Interview: Europol IP crime specialist, Bérengère Dréno
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Interview: Europol IP crime specialist, Bérengère Dréno

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Bérengère Dréno speaks to Managing IP about the threat of counterfeit goods and the launch of Europol’s Intellectual Property Crime Coordinated Coalition (IPC3) initiative



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Bérengère Dréno

In cooperation with the EUIPO, EU law enforcement agency Europol has launched IPC3 to assist EU member states in tackling counterfeiting online and offline.

The initiative is part of Europol’s efforts to improve public safety through IP crime prevention and follows the establishment of its European Cybercrime Centre (EC3), launched in 2013 to defend the public against internet crime across Europe.

Having worked with French Customs, Dréno has helped to facilitate these efforts as part of Europol’s operational department. She says: “Europol has been working on IP infringement since 2008, where we had a small project team dedicated to this. In 2013, we also became competent to deal with safety issues because we realised that IP issues and infringement issues were often linked.”

Dréno adds: “The idea was to have a platform to interact even more with the private sector which we have already, but now we have form and structure. Our focus is the corporation between the member states in their criminal investigations.”

IPC3 priorities

In line with the EU policy framework for 2014-2017, Dréno says, one priority of the IPC3 will be to “focus on the organised criminal groups involved in the production, distribution and trafficking of counterfeit goods with an impact on health and safety”. She mentions counterfeit medicines as another area of focus.

“We will try to focus on online investigations – so, counterfeit goods sold online and any kind of IP infringements facilitated by the internet. As you can imagine, this creates a wide area of work.”

The IP crime specialist adds: “The IPC3 belongs to Europol and our main targets are the law enforcement agencies. This is what we try to make them understand: counterfeit goods are also a real threat in terms of the involvement in organised crime which it implies.”

According to Organised Crime Portfolio (OCP), a project funded by the EU Commission, the revenue from counterfeit criminal activities in the European Union per year amounts to €43 billion.

Interpol’s Operation Pangea, an international programme dedicated to preventing the illegal sale of counterfeit medicine online, is in its ninth year. In 2016, Pangea IX made 393 arrests worldwide and seized potentially dangerous medicines worth over $53 million, with support from Europol.

“It’s not just about medicine”

Dréno observes that consumers may fail to see how purchasing luxury goods could have an impact on public health and safety: “It’s not just about medicine. Counterfeit luxury goods, for instance, can be bad for your health and they also finance organised crime.”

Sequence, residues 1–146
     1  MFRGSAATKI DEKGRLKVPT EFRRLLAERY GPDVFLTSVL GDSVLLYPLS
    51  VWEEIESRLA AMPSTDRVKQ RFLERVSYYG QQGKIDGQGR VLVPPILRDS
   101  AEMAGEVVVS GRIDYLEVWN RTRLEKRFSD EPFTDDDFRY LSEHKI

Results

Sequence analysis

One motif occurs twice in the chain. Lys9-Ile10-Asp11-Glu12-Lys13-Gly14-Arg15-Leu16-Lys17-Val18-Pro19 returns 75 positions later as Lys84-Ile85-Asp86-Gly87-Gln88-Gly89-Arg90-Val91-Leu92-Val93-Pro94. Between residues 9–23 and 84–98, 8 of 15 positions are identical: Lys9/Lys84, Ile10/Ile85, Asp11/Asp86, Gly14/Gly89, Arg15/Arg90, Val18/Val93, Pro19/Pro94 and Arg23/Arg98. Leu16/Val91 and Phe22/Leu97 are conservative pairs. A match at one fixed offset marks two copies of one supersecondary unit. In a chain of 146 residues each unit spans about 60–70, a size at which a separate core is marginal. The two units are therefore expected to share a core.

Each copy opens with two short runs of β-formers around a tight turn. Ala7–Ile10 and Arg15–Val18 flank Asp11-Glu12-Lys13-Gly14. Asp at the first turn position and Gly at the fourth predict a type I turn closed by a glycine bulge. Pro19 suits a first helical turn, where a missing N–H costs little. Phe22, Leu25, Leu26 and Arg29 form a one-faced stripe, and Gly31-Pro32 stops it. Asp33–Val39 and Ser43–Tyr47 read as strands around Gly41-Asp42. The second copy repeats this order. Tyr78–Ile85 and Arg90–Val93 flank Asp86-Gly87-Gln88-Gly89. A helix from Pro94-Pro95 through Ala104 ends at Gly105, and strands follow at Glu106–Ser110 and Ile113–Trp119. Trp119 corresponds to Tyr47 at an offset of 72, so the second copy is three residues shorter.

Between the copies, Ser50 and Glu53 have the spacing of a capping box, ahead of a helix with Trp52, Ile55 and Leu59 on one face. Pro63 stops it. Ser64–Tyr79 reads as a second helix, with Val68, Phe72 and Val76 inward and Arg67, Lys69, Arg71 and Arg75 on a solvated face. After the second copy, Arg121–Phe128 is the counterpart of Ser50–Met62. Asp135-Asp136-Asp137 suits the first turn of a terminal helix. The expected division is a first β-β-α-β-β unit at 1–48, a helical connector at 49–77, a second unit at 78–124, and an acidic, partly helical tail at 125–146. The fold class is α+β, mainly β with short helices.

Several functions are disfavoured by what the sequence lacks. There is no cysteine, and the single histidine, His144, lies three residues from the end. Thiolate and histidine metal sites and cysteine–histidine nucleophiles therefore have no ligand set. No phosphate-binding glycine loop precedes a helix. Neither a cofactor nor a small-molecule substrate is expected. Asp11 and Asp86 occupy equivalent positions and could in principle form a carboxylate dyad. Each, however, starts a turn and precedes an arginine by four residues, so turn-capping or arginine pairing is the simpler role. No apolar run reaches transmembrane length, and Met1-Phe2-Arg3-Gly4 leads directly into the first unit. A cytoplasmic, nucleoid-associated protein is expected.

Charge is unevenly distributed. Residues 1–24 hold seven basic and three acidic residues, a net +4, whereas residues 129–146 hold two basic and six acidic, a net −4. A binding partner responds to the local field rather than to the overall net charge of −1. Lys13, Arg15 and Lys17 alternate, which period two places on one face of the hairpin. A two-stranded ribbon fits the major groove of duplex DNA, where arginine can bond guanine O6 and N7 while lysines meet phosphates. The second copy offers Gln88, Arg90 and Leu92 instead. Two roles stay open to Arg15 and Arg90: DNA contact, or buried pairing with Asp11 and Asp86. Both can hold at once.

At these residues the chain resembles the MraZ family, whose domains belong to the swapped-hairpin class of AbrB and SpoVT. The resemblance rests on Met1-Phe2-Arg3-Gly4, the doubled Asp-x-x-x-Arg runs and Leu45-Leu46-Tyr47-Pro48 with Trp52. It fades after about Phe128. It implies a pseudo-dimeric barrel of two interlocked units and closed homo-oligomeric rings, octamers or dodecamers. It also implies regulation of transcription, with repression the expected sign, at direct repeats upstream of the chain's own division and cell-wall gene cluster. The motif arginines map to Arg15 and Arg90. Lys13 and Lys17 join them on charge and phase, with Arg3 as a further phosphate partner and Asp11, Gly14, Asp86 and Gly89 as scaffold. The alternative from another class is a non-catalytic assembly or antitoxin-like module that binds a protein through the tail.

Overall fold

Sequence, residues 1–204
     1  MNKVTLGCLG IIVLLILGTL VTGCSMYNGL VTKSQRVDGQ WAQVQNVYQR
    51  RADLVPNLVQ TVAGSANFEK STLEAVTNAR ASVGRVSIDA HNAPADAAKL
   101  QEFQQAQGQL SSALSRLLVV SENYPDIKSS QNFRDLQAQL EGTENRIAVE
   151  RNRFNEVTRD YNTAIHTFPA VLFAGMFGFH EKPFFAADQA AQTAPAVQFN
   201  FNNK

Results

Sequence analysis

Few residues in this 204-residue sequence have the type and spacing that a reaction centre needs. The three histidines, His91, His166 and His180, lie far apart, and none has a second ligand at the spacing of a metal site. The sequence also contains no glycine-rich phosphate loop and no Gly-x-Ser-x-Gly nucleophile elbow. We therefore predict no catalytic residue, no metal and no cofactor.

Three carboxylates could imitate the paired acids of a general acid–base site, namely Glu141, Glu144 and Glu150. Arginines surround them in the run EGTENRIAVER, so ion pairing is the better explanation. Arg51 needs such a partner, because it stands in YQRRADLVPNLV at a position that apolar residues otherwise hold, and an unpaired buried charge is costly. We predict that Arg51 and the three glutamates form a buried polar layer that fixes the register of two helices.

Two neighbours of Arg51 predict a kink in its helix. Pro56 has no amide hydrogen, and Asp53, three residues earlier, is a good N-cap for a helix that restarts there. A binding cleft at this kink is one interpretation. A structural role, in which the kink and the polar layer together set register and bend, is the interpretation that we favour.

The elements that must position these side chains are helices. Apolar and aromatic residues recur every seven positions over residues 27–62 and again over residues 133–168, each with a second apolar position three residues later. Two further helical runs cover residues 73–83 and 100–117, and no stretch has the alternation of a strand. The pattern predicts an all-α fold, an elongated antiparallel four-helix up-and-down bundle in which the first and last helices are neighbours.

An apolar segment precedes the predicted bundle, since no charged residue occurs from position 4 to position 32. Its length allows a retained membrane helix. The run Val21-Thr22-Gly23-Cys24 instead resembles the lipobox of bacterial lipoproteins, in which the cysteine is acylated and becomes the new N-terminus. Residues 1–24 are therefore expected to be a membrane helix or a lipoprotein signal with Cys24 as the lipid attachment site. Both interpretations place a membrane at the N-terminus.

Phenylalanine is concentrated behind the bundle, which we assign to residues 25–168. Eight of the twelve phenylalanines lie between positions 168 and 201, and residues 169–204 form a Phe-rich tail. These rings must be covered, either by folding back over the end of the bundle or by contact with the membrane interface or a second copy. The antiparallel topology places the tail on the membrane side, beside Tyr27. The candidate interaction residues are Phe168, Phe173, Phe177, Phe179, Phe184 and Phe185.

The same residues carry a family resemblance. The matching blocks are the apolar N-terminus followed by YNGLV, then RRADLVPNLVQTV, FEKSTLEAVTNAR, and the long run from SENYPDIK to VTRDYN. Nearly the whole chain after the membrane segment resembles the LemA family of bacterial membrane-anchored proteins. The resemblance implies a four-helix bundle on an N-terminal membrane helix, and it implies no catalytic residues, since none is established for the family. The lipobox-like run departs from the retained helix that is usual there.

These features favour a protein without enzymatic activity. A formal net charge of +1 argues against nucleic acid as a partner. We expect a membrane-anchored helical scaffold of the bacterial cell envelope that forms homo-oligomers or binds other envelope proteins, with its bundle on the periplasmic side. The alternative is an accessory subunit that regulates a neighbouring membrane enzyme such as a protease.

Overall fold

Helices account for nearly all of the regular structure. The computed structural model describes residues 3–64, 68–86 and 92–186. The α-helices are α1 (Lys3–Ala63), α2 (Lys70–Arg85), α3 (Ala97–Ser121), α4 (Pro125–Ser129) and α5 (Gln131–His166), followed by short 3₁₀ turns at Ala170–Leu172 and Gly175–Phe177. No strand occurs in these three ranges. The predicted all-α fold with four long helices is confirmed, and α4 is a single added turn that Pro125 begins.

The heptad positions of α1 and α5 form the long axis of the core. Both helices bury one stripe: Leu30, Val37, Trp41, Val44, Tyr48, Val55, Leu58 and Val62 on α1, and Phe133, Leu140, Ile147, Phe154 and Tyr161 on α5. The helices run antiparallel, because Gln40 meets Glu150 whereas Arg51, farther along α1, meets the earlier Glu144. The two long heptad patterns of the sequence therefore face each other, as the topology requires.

“There is a general idea that it’s no big deal to buy a counterfeit bag, but it is. It has a lot of different impacts, especially on the economy. It’s linked to a lot of different types of crime. These aspects are not to be neglected.”

The dangers presented by counterfeit medicines have made international news following investigations into the death of the world-renowned musician, Prince. The pop legend (born Prince Rogers Nelson) passed away in April due to an accidental overdose of the opioid fentanyl, a drug used to treat “severe pain”. It has recently emerged that Prince may have been taking counterfeit medicines.

As reported by The Guardian, authorities seized “mislabelled” and “synthetic” drugs at Prince’s home, Paisley Park. An unnamed official claimed that “many pills were falsely labelled as Watson 385...used to identify pills containing a mix of acetaminophen and hydrocodone”.

Instead, these tablets contained fentanyl which is, according to pharmacologist David Kroll, “roughly 100 times more potent than hydrocodone”. In this case, Kroll said that “tell-tale” signs of drug imitation lay in the fact that “Watson 385 is no longer sold in pharmacies [and]…Watson Pharmaceuticals no longer exists. Watson changed its name to Actavis Generics in 2013”.

This is just one instance showing how the sale, importation and distribution of counterfeit products can cause grievous and even fatal harm through the misrepresentation of a trade mark.

What needs to be done?

Dréno says: “The main challenge is for us to raise the awareness of this type of crime, to underline the involvement of organised crime and the reactions that need to be taken to dismantle these organised criminal groups.”

While she says that most EU member states acknowledge that IP crime is as serious and harmful to society as any other type of crime, IPC3 will focus on improving the exchange of information between all EU member states: “There is still some work to do in this aspect.”

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